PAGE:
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Lane: Life and death on Mars

BY JOE LANE | JANUARY 22, 2014 5:00 AM

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In the almost 19 years since I was born I’ve learned to really enjoy the planet on which we live. With ample amenities such as lots of air, nearly endless water, a dense atmosphere, and plants and animals, I personally think that Earth is the best planet around.

As it would turn out, however, some people on this lovely planet of ours do not feel so strongly. A lot of people, in fact. According to the Mars One website, nearly 200,000 people applied to be the first human beings to inhabit Mars beginning in the year 2025.

That may sound like an appealing prospect for high-level thrill seekers, but there’s a catch: all 24 available tickets are one-way trips.

Beginning in 2025, the Mars One Project plans to send teams of four to the red planet, never to return, in hopes of beginning human colonization on Mars.

With the esteemed aerospace and advanced technology company Lockheed Martin providing much of the technology for the privately funded operation, it appears that the Mars One mission presents the possibility to be a human advancement of Darwinian proportions.

Yet with much still unknown about the red planet, I am skeptical about the Mars One mission.

While the mission includes rigorous training that spans nine years and covers seemingly every foreseeable problem the crew may cross, right down to dealing emotionally with the tight quarters and barren landscape, it is nearly impossible to predict the difficulty of living on a planet separate from the rest of humanity.

While the Mars One mission is one of the most exciting scientific endeavors since the mapping of the human genome, there is no possible to way to predict every issue that the crew may encounter. Also worrisome is that the people going on the mission will likely have unique personalities.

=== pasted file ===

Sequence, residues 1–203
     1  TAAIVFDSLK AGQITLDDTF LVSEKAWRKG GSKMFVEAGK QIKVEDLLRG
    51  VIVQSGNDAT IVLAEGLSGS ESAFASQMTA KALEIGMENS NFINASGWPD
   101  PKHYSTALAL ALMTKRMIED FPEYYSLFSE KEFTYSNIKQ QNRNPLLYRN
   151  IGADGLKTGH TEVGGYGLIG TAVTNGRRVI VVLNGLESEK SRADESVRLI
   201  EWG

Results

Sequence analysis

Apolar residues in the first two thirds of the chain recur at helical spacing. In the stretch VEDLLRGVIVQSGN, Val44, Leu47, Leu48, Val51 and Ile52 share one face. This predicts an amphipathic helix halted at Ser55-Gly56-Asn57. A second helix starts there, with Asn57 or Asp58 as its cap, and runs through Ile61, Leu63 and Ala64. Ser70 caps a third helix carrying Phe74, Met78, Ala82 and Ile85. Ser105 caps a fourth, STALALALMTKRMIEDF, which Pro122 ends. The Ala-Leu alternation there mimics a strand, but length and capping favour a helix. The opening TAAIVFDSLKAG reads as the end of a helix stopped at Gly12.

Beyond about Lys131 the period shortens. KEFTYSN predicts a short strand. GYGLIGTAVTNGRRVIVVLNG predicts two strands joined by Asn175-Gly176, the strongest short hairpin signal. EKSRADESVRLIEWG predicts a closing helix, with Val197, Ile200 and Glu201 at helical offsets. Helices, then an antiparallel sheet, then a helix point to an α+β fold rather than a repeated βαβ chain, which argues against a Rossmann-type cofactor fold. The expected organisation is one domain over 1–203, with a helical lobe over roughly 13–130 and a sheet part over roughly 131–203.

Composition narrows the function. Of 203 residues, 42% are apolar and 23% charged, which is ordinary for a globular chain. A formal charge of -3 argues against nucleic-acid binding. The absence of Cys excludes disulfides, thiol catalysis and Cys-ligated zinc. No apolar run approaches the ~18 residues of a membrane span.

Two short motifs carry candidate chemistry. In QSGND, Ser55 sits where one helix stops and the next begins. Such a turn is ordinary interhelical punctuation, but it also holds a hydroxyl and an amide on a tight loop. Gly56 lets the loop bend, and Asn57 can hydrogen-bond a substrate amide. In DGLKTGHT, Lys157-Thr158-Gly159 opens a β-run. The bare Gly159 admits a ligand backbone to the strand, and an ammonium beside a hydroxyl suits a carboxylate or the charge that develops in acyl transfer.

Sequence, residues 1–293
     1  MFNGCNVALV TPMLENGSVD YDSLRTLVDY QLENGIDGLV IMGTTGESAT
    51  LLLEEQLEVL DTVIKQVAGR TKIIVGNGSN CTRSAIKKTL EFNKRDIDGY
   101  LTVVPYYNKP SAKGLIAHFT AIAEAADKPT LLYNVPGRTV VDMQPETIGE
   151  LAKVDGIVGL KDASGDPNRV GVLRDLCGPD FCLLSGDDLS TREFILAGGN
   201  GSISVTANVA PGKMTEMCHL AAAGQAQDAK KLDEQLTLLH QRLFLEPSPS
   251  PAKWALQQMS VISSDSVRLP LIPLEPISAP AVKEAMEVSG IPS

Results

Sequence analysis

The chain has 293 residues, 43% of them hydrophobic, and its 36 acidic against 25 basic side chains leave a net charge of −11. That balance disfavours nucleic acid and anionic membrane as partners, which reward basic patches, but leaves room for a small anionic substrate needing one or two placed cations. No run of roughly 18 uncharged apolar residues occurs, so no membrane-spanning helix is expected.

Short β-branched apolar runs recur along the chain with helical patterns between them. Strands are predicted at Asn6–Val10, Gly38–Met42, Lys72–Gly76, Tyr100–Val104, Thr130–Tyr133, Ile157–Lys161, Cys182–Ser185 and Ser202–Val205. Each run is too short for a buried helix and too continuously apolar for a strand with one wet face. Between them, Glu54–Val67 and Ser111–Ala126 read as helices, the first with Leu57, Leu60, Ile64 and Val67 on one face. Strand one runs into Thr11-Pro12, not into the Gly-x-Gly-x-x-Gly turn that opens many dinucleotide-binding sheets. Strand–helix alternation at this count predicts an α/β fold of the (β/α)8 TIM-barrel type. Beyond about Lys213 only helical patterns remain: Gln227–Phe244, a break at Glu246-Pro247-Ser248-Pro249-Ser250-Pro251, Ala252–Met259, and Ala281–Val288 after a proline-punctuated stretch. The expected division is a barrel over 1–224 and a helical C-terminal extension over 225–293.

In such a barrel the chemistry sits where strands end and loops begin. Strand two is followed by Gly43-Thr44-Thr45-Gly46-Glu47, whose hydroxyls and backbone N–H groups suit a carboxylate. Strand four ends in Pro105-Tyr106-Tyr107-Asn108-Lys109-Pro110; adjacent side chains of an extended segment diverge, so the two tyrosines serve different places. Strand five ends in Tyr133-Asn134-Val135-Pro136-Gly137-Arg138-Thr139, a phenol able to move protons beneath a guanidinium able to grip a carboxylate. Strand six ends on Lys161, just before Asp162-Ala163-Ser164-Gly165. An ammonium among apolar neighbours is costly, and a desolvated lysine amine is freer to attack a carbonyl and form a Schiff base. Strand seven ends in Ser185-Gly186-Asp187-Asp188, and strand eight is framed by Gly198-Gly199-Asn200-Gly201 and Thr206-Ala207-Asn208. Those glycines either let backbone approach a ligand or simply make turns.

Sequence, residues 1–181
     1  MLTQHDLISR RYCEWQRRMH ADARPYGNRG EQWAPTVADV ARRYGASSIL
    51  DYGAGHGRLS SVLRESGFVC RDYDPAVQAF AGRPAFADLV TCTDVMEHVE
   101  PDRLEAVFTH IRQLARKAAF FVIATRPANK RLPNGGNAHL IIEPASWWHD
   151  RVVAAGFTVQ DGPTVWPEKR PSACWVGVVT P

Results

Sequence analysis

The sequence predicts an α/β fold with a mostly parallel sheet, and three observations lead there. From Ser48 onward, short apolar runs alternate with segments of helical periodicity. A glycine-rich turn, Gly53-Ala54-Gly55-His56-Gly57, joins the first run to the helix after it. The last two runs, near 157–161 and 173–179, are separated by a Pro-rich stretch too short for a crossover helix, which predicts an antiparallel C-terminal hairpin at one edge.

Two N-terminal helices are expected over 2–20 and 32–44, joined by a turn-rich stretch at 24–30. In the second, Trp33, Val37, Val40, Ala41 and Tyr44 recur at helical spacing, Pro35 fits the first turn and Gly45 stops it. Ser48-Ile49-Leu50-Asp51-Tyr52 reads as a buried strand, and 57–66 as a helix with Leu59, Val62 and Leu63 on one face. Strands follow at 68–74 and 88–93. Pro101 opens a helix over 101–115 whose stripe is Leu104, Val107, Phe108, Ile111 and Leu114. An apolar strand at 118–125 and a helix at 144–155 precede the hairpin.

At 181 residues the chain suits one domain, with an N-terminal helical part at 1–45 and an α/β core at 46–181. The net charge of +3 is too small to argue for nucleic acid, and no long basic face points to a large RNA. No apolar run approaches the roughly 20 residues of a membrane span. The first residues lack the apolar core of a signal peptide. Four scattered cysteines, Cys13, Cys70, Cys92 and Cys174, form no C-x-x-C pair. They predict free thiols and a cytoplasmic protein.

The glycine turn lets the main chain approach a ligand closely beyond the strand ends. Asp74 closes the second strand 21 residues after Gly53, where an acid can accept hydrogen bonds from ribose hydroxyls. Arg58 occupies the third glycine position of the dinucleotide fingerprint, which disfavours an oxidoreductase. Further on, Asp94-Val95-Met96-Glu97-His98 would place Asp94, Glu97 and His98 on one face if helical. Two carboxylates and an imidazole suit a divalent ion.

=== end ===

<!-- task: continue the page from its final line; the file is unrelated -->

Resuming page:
The Mars One team portrays the 24 people selected from the current pool, already narrowed to 1,058, as the men and women who will go down in history as the inhabitants of Mars and will be considered the Lewises and Clarks of their time.

However, what the Mars One team fails to address are the peculiarities of the type of person that would abandon their family and friends to spend the remainder of their natural life an average of just under 140 million miles away from the rest of civilization.

Yes, it is true that these individual would have to be brave, adventurous, and have a dream. But, most of all, they must not have very strong relationships with their counterparts on Earth, given that the only method of contact with home is through video chats that would have, according Mars One, a seven-minute — not second — delay.

Placing 24 such people in this environment could prove problematic when team-building skills become integral to the mission.

The Mars One mission may be the greatest scientific endeavor of all time and spark a new chapter of space exploration that people as young as my parents may never have expected to see outside of science fiction movies.

However, I don’t expect to watch “House Hunters: Mars” on HGTV anytime soon and, with no method of return to Earth, I wouldn’t want to.


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